Fantastic! This is really just thought provoking. What I have personally noticed over the last maybe three years, perhaps, is that the whole narrative around use of technology is definitely kind of changing. The people are more open to listening to ideas. People understand that technology is here to augment what we do and not really replace, like you correctly mentioned.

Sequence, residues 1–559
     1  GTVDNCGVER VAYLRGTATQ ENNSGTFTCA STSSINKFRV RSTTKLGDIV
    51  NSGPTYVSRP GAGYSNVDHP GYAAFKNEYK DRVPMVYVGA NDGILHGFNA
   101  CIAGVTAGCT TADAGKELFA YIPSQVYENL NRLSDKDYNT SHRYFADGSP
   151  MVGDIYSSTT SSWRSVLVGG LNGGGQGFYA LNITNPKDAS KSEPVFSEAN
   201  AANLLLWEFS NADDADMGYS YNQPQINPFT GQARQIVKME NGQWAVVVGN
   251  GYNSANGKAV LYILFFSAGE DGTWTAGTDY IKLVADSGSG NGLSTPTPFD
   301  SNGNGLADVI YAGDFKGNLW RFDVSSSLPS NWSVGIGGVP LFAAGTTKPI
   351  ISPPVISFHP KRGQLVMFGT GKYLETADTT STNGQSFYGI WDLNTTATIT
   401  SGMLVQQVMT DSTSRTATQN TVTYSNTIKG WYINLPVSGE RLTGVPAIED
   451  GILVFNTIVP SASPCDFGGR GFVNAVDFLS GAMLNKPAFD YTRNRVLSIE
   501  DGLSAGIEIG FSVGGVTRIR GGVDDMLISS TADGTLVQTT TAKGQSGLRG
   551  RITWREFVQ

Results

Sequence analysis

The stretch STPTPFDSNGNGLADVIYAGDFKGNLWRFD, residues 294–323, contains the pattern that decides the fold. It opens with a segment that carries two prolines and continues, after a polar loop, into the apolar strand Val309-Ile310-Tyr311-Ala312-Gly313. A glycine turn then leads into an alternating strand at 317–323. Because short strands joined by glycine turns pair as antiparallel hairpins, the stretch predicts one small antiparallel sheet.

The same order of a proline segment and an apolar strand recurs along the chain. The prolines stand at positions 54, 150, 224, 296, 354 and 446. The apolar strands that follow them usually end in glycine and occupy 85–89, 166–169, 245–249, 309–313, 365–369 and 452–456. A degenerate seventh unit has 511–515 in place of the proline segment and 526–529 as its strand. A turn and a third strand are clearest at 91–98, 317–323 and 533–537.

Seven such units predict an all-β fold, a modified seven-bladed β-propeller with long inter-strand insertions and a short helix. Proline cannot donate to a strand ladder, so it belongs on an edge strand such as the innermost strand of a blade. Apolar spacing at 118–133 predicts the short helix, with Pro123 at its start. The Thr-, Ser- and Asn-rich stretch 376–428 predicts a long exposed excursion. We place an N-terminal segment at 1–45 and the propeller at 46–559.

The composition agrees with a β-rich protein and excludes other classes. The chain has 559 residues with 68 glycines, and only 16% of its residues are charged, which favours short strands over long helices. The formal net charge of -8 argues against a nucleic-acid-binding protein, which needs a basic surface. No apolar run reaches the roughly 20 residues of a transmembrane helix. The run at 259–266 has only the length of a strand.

But just from your perspective, Mark, I mean, what have you been hearing? What have you been experiencing as far as you know, use of AI and machine language and perhaps, I mean I don't know, blockchain is concerned? Then, just very specific to Figshare, perhaps, I mean what kind of technology is involved in delivering Figshare products? What kind of development has been happening? Yes, it's interesting as well, right, because you have the different stages of company growth. My developers will hate me saying this, but when I talk about what we do now, we build policy compliant infrastructure. and the cool stuff, the open research, the open access, the cool stuff that can build on top of it, is a secondary to, we have to play the game with the organizations that exist. If we are working with universities in South Africa, the data needs to live in South Africa. Regardless of the point at which it's published, it's available for everybody anywhere to download. Fine, but the government has a rule that the data needs to live in South Africa for very good reasons over the past.